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Tuesday, April 16, 2024

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LEGACY: Attorney Samuel L. Perkins remembered as a “giant” and “gentleman”

For many, words such as “giant” and “gentleman” were placed comfortably in sentences describing renowned Memphis defense attorney Samuel L. Perkins, who passed away on Tuesday.

Mr. Perkins was the former president of the Tennessee Association of Criminal Defense Lawyers and was the first African American to hold the title.

In a social media post, James Franklin’s account of his experiences with Mr. Perkins echoed the sentiments of so many others.

“Most of my colleagues knew you as a great teacher and mentor in the legal profession. Unlike them, I actually had the opportunity to meet you as a 19-year-old clueless sophomore in college.

“I called no fewer than four Memphis area attorneys and you were the only one that returned my call. You invited me into your office, and allowed me to do an internship with you, even though I understood nothing of the legal system or how it worked. You taught me plenty that summer, not legal training, but you taught me how important it was for an attorney to keep his promises, and to maintain good relationships with the sheriff, police, clerks, court staff, and other attorneys.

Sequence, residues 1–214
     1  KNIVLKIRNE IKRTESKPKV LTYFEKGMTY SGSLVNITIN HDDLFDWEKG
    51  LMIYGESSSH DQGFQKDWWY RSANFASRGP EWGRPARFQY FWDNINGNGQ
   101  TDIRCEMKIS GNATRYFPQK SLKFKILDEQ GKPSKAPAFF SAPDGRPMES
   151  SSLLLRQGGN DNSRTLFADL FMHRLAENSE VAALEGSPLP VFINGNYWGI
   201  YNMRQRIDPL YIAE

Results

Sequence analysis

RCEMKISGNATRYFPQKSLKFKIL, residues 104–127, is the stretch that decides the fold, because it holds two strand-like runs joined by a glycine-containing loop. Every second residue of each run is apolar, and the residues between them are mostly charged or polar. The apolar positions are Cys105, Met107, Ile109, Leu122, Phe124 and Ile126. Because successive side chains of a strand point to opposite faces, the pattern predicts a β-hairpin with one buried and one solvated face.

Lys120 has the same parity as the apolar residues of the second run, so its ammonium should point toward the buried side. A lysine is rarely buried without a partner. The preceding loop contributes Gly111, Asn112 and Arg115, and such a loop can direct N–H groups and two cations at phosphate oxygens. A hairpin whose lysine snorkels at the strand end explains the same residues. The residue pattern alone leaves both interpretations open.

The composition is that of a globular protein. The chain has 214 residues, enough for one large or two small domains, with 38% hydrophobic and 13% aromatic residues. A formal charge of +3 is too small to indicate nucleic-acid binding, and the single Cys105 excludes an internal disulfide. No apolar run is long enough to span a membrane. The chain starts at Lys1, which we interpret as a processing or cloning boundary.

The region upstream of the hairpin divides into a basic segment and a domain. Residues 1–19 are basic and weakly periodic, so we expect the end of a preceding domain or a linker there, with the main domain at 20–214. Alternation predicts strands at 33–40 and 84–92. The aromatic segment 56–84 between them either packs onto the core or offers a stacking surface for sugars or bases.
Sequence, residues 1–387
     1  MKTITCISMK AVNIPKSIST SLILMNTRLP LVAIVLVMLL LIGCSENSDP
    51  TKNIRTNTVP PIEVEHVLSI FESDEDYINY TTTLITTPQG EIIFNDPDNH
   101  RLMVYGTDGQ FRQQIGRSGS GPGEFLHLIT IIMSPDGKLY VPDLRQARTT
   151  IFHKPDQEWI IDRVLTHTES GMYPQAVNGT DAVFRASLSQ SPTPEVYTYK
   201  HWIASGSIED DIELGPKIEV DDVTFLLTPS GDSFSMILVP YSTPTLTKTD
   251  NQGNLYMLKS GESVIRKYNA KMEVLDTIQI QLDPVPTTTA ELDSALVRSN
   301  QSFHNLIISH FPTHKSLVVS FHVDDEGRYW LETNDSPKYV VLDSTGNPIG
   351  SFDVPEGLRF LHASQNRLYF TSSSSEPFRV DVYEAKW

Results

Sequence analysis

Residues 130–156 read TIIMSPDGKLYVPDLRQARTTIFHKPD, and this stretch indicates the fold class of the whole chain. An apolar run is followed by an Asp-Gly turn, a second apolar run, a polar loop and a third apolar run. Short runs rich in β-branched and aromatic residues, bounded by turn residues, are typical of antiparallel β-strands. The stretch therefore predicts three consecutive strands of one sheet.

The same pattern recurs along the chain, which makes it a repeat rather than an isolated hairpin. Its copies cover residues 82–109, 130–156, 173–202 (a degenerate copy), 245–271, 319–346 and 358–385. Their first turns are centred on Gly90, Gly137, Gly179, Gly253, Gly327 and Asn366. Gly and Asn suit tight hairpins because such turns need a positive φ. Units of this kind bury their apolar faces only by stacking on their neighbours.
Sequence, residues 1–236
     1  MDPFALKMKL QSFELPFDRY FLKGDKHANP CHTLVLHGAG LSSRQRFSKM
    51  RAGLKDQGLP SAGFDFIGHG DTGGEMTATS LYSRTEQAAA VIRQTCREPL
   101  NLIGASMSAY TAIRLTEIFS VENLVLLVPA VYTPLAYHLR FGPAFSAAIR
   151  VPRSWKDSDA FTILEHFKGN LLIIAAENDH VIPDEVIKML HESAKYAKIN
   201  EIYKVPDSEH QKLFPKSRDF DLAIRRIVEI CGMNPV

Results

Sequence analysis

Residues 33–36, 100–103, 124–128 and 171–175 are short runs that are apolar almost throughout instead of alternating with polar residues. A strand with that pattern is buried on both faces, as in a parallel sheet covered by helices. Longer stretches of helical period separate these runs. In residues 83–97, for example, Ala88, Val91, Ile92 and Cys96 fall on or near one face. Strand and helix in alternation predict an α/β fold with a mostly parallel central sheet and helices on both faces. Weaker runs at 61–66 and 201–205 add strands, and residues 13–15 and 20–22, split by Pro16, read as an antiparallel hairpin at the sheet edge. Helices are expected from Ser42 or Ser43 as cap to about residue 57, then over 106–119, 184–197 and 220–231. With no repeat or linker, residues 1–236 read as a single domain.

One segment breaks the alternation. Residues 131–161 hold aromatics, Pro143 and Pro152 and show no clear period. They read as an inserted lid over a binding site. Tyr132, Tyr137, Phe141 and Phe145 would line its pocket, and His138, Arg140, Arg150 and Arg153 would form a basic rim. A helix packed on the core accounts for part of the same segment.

“You emphasized the importance of keeping promises made to clients, other attorneys, and the courts. These practical lessons were just as important, if not more important than any legal training I received. It was your passion and integrity that drew me to the legal profession, and I am indeed among very many that you have inspired. …”

Mayor Jim Strickland tweeted this: “Sad to learn of the passing of Sam Perkins, who practiced law in Memphis for 36 years. I witnessed his positive impact on our profession as a strong advocate for his clients and as a role model and mentor for so many younger lawyers.”

Mr. Perkins’ law firm had a nearly decade-long record of support for mentoring programs across Memphis and Shelby County. A recent sponsorship donation went to support the Young Historians Club, a project that trained high school students to become paid tour guides and sales associates. The privately funded program reflects the work of Man of the House Mentoring, College Ready Memphis, Inc., and the South Memphis Renewal Community Development Corporation (CDC).

At the time, Mr. Perkins said, “We’ve been supporting these efforts for many years, and simply want to congratulate the ‘Young Historians’ for their diligence, hard work, and their sincere study of the Civil Rights Movement.”

Mr. Perkins’ firm took on both high profile cases, and smaller criminal cases, including juveniles, for nearly 30 years.

“Every citizen deserves an equal opportunity for success and vindication if needed, which is what the American Civil Rights Movement was really all about,” Mr. Perkins said.

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